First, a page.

The Prime Minister is reported to have remarked some time ago that the Government could never introduce a mansion tax because the Conservative party’s donors would not accept it. I wonder whether that is the only thing holding the Government back. The truth is that they should go further and adopt our proposal. There is a difference between what they are doing today and our proposal. Stamp duty is a transaction tax, but our tax on high-value properties would be an annual charge that would provide a stable source of revenue for the national health service.

One of the Government’s regular criticisms of our proposal is that it would hit those who were asset rich but income poor. However, we have already set out how that could be dealt with through a system of deferral for anyone with an income of less than £42,000 a year—in other words, a basic rate taxpayer. That would be a perfectly sensible and adequate way of helping those people. We could then fairly and progressively introduce a tax that would help to get the national health service’s finances back on track.

I should like to ask the hon. Lady a practical question about her policy of excluding from the mansion tax those with an income below £42,000. She will be aware that some of the richest people in this country live off their capital rather than their income. Does she acknowledge that such people could conceivably fall within the proposed exemption?

Order. We need to be a bit careful here. We should not really be discussing the policies of the Opposition. The debate is about stamp duty. We have already had a difficult start, and I do not want things to get any more difficult.

Thank you, Mr Deputy Speaker. I would be happy to discuss those technical details with the Minister on another occasion when we would not fall out of order.

I reiterate that we expect our policy to raise the £1.2 billion that, according to the Chief Secretary to the Treasury, internal Treasury modelling has shown it could raise. We have seen nothing to change our assessment of those figures. As I was saying, the NHS is in dire straits. There is a crisis in accident and emergency, and it is getting harder to see a GP. This Government have made things worse with their £3 billion top-down reorganisation of the NHS. If that money was available at the beginning of this Parliament, it should have gone into front-line services. We therefore need an annual source of revenue to help to deal with those issues, and a tax on the highest-value homes—the so-called mansion tax—will help the next Labour Government to do that. As I said at the outset, we believe that the proposed changes to stamp duty represent a sensible measure, and they will have our support today and next week when the proposed legislation is formally brought forward.

I am delighted to speak in this debate and am pleased that the Treasury has been persuaded of the need to do this and to find a way of doing it, which was the crucial point. I know that there is no great pot of money out there to throw around, but this measure is vital for young people struggling to get on the housing ladder and for people across the country. Having looked at the average house price in the UK, I know that it will help many families in many constituencies, including my own. If I was being very greedy, I would have said that I would have liked the bands to have been moved up, but I shall rest happy with the fact that we have now got rid of the hated slab structure that caused what I called zombie prices, which no family ever paid. Nobody paid £251,000 for a property, because it incurred an enormous jump in the tax they had to pay.

I believe that one of the reasons why the Help to Buy scheme was not taken up well inside St Albans was that our average house price is so high compared with that in the rest of the country. I found one property at the time that was under £125,000, and that was a studio. Barely any properties came under £250,000. If people cannot save up a deposit, how on earth will they afford to save the tax as well?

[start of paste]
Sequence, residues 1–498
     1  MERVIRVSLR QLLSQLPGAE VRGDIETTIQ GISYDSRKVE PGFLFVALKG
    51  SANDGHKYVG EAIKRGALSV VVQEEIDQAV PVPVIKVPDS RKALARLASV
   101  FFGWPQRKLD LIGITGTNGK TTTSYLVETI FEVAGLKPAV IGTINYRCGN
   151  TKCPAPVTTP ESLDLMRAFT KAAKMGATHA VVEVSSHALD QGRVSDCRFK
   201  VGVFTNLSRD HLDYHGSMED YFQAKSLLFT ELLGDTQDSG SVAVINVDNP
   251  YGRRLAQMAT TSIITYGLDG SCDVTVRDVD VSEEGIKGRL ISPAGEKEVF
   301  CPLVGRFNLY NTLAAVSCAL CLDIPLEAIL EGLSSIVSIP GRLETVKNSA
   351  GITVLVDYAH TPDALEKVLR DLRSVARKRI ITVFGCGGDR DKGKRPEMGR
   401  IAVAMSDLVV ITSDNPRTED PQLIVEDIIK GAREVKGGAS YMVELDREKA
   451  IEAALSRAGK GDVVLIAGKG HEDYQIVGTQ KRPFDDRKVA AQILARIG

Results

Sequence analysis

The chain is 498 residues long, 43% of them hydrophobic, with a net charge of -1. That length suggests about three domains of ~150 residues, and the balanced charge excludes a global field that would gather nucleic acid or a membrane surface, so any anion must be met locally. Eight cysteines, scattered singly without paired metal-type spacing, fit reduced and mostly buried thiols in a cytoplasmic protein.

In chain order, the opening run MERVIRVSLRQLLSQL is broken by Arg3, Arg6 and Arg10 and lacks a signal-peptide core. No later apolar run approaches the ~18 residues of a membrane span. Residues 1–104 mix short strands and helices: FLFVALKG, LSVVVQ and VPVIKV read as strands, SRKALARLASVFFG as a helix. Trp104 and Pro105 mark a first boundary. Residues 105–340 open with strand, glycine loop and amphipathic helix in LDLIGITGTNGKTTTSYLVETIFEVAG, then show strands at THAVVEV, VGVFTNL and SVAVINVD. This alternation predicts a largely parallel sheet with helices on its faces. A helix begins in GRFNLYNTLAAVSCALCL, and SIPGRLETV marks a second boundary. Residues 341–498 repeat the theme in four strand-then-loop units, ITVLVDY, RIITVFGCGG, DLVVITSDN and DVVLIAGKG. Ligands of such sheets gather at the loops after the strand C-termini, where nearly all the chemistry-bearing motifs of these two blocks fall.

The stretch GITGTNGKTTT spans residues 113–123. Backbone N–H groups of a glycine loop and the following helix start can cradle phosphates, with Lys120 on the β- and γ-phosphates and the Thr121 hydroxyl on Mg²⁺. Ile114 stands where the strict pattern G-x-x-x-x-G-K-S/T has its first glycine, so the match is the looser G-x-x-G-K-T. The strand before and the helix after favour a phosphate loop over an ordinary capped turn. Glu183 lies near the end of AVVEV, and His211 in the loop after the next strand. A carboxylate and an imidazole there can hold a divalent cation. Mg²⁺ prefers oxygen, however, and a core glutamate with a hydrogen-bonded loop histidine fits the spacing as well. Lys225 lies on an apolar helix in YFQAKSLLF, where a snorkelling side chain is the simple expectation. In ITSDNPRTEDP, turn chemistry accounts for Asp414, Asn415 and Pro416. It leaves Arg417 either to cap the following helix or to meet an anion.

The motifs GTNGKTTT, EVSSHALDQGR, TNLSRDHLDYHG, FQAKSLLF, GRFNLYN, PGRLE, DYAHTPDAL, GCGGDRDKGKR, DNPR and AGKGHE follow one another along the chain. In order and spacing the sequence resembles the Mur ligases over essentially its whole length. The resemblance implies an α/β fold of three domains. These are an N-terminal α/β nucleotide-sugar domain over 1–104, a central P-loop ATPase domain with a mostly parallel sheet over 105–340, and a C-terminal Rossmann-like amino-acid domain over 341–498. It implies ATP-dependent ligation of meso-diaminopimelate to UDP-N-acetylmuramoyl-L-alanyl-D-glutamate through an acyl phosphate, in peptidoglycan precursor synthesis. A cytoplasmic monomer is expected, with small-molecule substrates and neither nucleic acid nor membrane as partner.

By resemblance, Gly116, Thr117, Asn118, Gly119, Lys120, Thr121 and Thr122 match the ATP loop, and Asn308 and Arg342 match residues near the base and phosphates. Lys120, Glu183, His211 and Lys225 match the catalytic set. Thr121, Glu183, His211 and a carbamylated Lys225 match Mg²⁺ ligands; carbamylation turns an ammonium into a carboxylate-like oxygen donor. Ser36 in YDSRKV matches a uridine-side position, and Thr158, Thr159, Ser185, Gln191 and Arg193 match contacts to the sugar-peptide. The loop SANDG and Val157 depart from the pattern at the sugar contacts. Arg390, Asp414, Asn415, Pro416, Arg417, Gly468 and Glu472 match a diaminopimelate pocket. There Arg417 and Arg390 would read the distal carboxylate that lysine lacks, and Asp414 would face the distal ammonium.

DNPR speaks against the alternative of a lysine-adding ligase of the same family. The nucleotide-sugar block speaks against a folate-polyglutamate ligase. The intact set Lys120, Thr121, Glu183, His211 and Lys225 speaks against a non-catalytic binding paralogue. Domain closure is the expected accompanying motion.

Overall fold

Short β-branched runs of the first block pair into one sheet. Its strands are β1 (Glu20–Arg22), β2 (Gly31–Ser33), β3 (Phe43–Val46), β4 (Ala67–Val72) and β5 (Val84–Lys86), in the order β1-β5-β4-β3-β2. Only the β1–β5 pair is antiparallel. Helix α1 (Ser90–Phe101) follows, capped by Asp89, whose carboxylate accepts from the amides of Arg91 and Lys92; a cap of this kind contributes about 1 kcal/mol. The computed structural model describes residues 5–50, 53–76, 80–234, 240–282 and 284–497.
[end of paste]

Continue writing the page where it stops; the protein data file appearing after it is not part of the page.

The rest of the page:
This measure is hugely welcome. I am sorry to say to my hon. Friend the Financial Secretary that Lori, who served me my coffee this morning in Lori’s Café, said that her new pin-up is now the Chancellor, because he will save her thousands of pounds when she moves into her retirement bungalow early next year. I said that I would give Lori’s good wishes to the Chancellor, because she has had a happy Christmas present from him.

I share the hon. Lady’s sentiment that this seems to be a very progressive measure, but is she not slightly concerned that the result might be increased house price inflation?

I think that house prices will even out. If there are more transactions and people put house prices up, there will be house price inflation, but I believe that the Government are trying to tackle that by having a big house building programme. The measure will stop the pressure on people who fall around the bands. People have been told that they cannot charge a certain amount for their house, even if they have put a conservatory on it or improved their kitchen. Some have not made those improvements because they would have been pressed into a different band that would have incurred a large amount of tax.

One point that has not been mentioned so far is the possible knock-on effect on other industries. People were telling me that they were reluctant to put in double glazing, to build conservatories or to do any improvements to their houses, that they were struggling to find enough money to buy furniture as well as to pay the deposit because they had to save for the tax, which they could not roll up into their mortgage if they were first-time buyers, and that they were struggling with the multiples. People were telling me that they were struggling with the concept of the high fees that they would have to pay and worrying how on earth they would buy anything else to do with their property. I think that people selling home improvements, bathrooms, kitchens, carpets and so on will suddenly find that people who were expecting to pay a large tax bill have a little bit extra in their pocket, thanks to the Treasury, that they can afford to use to improve their house. They will say that it is worth their moving house, as they will not have the deterrent. This will free up the market and there will be a lot of knock-on benefits.